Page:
This paper explores Rollo May’s 1992 reassessment of transpersonal psychology, in which he reverses

his 1986 and 1989 arguments against transpersonal psychology. Equally relevant, this paper shows

that May was actually interested in supporting what is now called ecopsychology. Schroll (following

Alan Drengson and Arne Naess) now refers to ecopsychology as transpersonal ecosophy. This paper

offers a thorough examination of several key concerns that May had regarding his reservations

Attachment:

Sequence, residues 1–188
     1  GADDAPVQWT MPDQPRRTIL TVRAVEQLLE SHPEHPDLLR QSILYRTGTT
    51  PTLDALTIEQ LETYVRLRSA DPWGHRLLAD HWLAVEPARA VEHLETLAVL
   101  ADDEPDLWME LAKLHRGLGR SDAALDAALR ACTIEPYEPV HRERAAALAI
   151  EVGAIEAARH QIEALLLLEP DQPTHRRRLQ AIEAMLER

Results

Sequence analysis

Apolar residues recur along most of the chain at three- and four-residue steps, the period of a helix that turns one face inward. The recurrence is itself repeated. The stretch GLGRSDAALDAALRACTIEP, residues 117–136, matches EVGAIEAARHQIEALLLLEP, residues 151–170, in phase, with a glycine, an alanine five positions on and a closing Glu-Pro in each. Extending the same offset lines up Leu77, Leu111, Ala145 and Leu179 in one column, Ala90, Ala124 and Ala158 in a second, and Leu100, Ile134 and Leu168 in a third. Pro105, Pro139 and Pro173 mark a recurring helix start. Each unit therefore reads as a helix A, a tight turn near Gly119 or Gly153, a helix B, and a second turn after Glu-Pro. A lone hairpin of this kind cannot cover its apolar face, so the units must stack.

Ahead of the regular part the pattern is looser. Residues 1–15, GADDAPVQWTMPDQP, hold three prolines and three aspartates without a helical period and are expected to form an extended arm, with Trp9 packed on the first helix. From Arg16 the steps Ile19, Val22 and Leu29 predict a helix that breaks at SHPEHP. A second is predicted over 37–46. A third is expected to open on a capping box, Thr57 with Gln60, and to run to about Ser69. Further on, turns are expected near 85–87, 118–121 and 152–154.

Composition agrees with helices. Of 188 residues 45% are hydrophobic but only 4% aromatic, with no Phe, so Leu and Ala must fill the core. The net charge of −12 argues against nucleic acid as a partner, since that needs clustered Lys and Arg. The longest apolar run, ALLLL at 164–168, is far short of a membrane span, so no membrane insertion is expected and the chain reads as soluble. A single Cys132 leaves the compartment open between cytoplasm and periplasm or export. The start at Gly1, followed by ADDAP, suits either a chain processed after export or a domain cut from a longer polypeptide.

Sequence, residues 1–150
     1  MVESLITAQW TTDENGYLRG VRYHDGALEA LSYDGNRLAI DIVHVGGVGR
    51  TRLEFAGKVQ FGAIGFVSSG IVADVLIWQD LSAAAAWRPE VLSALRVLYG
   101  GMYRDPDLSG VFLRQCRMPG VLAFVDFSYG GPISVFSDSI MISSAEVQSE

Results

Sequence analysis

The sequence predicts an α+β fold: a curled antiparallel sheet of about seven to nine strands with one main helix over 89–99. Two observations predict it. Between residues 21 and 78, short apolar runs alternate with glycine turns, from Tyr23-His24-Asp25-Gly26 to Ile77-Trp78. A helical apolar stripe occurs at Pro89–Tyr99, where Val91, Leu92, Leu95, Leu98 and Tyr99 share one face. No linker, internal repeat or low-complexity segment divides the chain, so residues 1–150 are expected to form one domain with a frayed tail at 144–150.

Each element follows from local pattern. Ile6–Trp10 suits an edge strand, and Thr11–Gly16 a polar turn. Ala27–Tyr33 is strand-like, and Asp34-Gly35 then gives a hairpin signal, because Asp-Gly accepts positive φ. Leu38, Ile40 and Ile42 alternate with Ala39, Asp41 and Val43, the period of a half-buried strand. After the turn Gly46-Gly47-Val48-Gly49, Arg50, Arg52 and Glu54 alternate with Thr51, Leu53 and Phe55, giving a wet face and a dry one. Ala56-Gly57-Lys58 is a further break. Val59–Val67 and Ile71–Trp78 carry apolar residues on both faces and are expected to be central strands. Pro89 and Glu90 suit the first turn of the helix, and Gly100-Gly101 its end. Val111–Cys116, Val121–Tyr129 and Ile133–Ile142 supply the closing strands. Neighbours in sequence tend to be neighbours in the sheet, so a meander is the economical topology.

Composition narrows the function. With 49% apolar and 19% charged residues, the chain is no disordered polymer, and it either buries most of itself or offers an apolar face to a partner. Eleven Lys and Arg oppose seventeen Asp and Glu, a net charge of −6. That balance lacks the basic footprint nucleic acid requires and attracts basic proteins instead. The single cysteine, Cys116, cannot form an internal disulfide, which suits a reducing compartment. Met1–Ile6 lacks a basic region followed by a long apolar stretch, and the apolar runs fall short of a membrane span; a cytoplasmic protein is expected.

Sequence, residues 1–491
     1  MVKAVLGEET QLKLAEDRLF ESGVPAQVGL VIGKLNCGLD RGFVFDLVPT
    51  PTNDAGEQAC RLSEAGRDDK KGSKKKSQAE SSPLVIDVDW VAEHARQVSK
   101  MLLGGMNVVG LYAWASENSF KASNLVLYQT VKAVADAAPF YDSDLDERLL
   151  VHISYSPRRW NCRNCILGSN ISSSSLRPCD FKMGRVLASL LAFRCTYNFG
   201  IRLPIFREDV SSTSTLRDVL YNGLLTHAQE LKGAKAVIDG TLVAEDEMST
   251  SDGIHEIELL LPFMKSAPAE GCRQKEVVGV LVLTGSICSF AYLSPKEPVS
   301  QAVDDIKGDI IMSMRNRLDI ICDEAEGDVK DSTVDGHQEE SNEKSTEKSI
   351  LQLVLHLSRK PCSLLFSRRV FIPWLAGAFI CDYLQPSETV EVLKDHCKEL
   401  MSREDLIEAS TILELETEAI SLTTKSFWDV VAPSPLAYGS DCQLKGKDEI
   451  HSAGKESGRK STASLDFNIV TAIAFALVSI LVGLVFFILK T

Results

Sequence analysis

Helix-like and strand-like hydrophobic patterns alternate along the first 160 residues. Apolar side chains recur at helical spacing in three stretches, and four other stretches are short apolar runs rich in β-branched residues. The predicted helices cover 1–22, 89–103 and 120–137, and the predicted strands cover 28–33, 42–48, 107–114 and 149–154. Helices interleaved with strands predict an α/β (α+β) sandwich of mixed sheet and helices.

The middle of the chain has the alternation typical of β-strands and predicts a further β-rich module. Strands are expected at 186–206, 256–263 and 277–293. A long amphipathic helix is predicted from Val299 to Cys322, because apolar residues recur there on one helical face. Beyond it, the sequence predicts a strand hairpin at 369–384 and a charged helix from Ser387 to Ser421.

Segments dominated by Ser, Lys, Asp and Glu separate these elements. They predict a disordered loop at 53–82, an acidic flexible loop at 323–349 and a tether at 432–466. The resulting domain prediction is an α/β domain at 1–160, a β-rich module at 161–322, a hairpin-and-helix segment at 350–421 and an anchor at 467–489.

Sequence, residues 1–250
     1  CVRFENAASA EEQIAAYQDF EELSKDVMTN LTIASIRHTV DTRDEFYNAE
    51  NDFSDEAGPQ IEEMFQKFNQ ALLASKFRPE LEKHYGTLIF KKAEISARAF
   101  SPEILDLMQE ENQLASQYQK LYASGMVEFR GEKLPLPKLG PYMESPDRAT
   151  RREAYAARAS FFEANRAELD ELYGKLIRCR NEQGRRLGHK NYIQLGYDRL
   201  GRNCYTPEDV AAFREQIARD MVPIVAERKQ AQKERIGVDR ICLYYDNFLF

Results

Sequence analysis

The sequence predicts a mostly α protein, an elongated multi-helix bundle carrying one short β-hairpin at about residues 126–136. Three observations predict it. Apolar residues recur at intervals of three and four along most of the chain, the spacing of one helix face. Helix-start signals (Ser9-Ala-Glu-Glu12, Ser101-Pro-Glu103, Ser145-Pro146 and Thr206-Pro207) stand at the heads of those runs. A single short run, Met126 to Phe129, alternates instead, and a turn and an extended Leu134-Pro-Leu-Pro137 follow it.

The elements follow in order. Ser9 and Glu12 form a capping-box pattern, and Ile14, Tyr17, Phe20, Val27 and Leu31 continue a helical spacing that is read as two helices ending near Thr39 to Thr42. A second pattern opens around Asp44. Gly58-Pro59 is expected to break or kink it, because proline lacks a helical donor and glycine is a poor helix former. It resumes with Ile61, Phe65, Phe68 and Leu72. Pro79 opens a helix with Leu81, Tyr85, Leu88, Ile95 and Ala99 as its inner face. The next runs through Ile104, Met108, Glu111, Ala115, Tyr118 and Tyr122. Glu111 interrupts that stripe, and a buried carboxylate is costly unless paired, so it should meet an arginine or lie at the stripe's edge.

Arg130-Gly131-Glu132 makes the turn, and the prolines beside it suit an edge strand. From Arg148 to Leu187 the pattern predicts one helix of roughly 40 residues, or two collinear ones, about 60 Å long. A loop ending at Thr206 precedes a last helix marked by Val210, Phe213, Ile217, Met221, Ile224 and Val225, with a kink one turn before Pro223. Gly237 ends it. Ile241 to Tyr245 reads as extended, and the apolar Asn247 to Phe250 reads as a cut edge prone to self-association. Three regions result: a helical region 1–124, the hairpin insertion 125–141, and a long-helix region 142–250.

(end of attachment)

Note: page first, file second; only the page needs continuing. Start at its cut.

toward accepting transpersonal psychology’s legitimacy, and includes May’s vigorous discussion with

Ken Wilber. Wilber’s discussion with Kirk Schneider’s 1987 and 1989 critique of transpersonal

psychology is also examined. Likewise Albert Ellis’ 1986 and 1989 rejection and misunderstanding

of transpersonal psychology is discussed.

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